Picked up a good bag of shirogisu whiting on Tokyo Bay today, despite the vicious summer heat out on the water. The boat was packed with anglers and unusually the owners did not lay on a second craft, so we were rather cramped on board. In particular a stunted curious young-old man with a ludicrous comic-voice, did his best to snag mine and all the other anglers’ tackle with his own, constantly removed his PFD despite it being boat rules to wear one at all times and even tried to nonchalantly dismiss the remonstrations of the skipper, who is a terrifying man and in my opinion, only the highly disturbed would ever dare to contradict him while at sea.
Anyway, my neighbours were not in today so I will dispose of all the whiting fillets myself. The first dish I made was the tenpura variation known as kakiage, containing chopped up fish and three types of finely sliced greenstuff: spring onion, shiso leaf and mitsuba. The diner is at liberty to mix the three tastes of squeezed lemon, Sichuan pepper-salt and the red version of the curious Kyushu relish known as yuzu koshoh, a mixture of red chillies mashed with native citrus, to his taste.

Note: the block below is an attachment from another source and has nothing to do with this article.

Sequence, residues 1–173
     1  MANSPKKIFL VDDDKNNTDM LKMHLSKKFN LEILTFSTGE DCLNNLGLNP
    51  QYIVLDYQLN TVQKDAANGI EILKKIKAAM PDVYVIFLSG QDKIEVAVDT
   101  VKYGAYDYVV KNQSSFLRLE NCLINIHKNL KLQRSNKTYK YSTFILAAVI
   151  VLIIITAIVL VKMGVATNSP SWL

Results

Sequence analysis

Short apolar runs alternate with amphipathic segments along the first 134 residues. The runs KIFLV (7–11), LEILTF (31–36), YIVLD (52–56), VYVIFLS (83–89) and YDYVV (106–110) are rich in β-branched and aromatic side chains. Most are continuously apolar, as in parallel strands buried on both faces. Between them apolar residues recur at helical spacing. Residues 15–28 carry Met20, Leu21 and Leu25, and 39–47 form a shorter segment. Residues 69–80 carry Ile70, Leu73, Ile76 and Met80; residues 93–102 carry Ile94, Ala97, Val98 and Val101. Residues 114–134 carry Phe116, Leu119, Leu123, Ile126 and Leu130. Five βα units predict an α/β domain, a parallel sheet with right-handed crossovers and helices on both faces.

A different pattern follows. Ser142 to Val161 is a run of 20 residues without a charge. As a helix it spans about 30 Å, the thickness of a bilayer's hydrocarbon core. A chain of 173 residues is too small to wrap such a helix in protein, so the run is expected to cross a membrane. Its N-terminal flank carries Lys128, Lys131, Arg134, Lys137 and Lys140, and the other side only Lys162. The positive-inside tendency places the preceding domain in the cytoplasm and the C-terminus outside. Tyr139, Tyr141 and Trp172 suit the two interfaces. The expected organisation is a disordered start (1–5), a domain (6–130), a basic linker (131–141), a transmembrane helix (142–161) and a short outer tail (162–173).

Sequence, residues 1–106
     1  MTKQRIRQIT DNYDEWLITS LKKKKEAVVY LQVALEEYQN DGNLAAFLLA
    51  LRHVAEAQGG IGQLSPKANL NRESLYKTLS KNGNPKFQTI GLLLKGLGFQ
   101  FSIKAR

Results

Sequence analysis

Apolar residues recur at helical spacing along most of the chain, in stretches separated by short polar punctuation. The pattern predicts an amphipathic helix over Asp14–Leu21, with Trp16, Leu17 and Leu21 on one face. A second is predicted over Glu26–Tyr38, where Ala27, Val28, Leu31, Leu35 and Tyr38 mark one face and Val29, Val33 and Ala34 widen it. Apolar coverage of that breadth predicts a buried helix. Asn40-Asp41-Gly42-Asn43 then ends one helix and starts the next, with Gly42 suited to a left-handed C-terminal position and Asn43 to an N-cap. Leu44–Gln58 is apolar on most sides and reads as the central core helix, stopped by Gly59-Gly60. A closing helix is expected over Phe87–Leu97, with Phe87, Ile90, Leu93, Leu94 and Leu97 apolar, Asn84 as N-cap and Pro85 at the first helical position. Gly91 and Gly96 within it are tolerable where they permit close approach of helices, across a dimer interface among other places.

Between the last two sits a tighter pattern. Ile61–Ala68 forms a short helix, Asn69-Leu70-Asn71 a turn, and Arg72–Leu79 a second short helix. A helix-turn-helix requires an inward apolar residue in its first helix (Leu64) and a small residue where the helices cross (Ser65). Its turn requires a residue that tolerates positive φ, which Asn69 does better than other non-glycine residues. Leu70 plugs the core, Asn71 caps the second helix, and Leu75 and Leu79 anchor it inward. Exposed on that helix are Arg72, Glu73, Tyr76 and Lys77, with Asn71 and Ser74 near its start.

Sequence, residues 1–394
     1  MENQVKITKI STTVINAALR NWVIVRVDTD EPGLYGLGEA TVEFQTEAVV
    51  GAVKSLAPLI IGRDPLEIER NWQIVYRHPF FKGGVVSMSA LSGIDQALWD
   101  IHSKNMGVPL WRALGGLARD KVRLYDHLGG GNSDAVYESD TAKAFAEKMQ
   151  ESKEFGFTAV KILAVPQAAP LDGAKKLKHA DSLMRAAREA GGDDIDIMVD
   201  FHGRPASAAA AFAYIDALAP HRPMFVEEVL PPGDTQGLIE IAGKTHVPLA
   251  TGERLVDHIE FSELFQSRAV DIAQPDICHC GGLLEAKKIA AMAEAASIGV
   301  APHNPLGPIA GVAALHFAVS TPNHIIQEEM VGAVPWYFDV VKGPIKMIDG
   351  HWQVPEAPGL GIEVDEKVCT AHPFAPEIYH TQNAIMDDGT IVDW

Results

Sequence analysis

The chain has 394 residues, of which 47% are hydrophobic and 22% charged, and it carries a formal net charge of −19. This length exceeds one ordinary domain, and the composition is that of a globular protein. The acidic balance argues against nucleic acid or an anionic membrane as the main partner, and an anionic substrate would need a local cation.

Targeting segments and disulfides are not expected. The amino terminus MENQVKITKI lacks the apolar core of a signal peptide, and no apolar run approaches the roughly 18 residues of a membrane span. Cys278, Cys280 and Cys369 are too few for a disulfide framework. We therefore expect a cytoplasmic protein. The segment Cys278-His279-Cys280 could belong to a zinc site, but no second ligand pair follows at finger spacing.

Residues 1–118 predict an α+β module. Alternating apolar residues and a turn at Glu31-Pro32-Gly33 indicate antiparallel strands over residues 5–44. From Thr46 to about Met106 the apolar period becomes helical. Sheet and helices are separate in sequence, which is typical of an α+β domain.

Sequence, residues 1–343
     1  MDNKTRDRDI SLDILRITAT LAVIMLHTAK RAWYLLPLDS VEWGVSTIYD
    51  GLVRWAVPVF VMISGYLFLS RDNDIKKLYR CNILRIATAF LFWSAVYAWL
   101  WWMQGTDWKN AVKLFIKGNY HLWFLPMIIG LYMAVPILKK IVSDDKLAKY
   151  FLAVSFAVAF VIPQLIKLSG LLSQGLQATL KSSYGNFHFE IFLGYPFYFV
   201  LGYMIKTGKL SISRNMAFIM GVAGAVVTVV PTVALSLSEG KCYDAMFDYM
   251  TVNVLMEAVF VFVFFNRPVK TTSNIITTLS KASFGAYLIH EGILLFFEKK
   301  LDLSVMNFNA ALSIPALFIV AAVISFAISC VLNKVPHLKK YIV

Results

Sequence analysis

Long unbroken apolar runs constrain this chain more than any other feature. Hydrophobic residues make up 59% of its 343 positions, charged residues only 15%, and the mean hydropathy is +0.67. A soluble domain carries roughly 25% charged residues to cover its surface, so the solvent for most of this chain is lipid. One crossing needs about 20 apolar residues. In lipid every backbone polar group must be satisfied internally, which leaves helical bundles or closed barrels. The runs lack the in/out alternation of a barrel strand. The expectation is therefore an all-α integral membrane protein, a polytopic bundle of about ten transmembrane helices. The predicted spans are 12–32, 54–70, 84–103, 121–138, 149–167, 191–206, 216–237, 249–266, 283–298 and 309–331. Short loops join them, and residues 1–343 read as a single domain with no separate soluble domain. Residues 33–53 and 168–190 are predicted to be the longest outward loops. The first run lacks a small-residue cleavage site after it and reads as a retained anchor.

The next job was to poach some whiting fillets very gently, lay them out in a single layer in a glass tart-dish, stick a Mornay sauce on top and bake till bubbling. Whilst not particularly visually interesting, it came out very well, the white flesh and sauce going together. For a true calorific carronade, some French recipes call for whisking a couple of egg yolks into the sauce before baking, as well as greasing the dish with butter, and even more ludicrously, topping the whole thing with more cheese. I did none of these and it still came out a little rich though, so next time I might put a layer of sliced potatoes or aubergines or mushrooms in it, which would be a great improvement.
Incidentally, today I used the bamboo rod I made last year; it is turning out to be a very good fisher. Thanks as always to Fukagawa Fujimi.